Film Review: ‘Your Highness’

Your Highness is the movie equivalent of Mongolian BBQ: You get your plate and come to the first station, the meat.

There are some things you feel comfortable with, like the chicken (James Franco) and the lamb (Natalie Portman), some things that, sure, you could go for, like the lovely push-up-bra-wearing mahi-mahi (Zooey Deschanel), and then there’s the weird stuff you’re not certain you’ve heard of, like the surimi (Justin Theroux) and the calamari (Danny McBride), which you nevertheless feel obligated to try because, hey, you’re at the Mongolian BBQ, and you wouldn’t be here unless you were trying to try new things.

Then you get to the veggies. You have no idea what combination works with what, so you toss in some of everything–water chestnuts (R-rated sight gags), bean sprouts (stoner humor), edamame (dirty puns), and then you decide “What the Hell?” and go full Mongoloid by cramming in a bunch of peppers and drenching it in spicy buffalo and Tzatzihi sauce (foul, foul language, boobies, five-headed dragons…) to make it (hopefully) interesting.

And after it’s all been worked up, you’re served with something that’s surprisingly tolerable at first, but tastes a little ickier with each successive bite.

And that’s basically Your Highness. A more literal summary would be this: McBride is Prince Thadeous, the stoner wash-out, whore-sampling slob of a younger brother to Prince Fabious (Franco), the dashing, daring, do-gooding, daddy’s favorite who, back from his latest rollicking adventure, has rescued the lusciously curvy Belladonna (Deschanel) and means to take her as his virgin bride. Unfortunately, so has Leezar (Theroux), the evil sorcerer who wants to impregnate that sexy push-up bra so she can birth a dragon, which will presumably give Leezar command/dominion over the kingdom.

Thusly, Fab and Thad (and Thad’s paige Courtney [Rasmus Hardiker]) set out on a quest to re-rescue Belladonna, along the way encountering any number of strange and terrible beasts (bare-breasted or otherwise), perverted wise men, angry dwarves, treacherous kinsmen, uppity fauns, and, of course, Natalie Portman (a block of wood).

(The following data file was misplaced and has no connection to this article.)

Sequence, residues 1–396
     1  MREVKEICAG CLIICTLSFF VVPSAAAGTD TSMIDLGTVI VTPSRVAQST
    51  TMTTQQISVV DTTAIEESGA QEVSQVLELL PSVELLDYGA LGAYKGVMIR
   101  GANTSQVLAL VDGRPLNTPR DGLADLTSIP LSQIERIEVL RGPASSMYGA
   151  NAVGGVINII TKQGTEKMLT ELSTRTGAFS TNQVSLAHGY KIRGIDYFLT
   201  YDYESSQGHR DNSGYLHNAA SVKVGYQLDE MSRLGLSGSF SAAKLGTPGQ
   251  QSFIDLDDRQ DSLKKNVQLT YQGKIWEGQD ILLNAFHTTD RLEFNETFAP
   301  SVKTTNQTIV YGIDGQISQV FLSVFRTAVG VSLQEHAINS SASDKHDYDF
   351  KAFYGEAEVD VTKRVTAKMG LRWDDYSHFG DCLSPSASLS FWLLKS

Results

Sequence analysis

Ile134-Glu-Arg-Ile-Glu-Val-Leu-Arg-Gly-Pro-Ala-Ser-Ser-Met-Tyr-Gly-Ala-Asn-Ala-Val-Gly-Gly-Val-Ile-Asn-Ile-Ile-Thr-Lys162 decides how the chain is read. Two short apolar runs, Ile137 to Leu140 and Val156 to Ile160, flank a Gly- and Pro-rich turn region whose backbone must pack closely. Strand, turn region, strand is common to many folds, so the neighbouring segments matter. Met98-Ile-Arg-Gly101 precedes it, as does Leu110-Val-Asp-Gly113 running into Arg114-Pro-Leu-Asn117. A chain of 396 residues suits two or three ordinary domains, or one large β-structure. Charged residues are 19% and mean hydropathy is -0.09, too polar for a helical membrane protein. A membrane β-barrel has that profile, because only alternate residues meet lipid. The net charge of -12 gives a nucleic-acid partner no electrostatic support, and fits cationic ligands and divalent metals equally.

The director, David Gordon Green (Pineapple Express, All the Real Girls), and writers McBride and Ben Best, know their low, low material and crafted it to perfection in the fantastically funny and oddly touching television series Eastbound & Down, as well as in Pineapple and the underrated Observe and Report (written and directed by Jody Hill, the third member of McBride and Best’s group) but here something’s missing.

I think it’s the characters. What worked so well previously was the gang’s fascination with the utter dregs of humanity and the fun they had reveling in their coarseness yet elevating them to semi-decent people by imbuing a few noble traits. In other words, humanizing the inhumanable.

Your Highness isn’t interested in that, and would prefer to just stick to the crudities, abandoning much of McBride and Best’s greatest strengths. Granted they can do crude really damn well, but it’s not enough.

The other problem is that the film lists back and forth between trying to advance the story and fitting in jokes, doing one at the expense of the other. We get some exposition, then there’s another place they must visit, then a pause for some gags while they’re trying to get there, then they get there, and then it’s a setup for another skit, and repeat.

McBride is good, but he doesn’t seem to be enjoying himself and keeps a grumpy demeanor throughout that brings down the stupid fun. Franco and Portman are well cast as caricatures of themselves (particularly Portman, who, though I rag on her a lot [it’s out of love; we Nats need to watch out for each other], is quite good as a straight woman), but there isn’t much for anyone else–Theroux, Deschanel, and the talented Charles Dance. Theroux and Deschanel’s back and forths (so few, and so short) are such delights, I’d buy the DVD simply on the prospect that there would be more of them, and longer.

In all, the bulk of the humor comes from the shock of incorporating modern-day vulgarities into medieval speech, and, as expected, the shock wears off quickly, but some of it is so creative and unexpected that it’ll get a laugh right when the movie needs it. Likewise, there’s two very inspired (albeit easily foreseen) sight gags featuring a dwarven gallows and a Minotaur, and all this is just almost enough to hold Your Highness together. The opening credits are not bad, either.

I laughed at Your Highness more than I did at Paul (and certainly more than the curmudgeony critic to my right), but, and this is coming from a big fan of the collaborative, you’re better off waiting for the rental.

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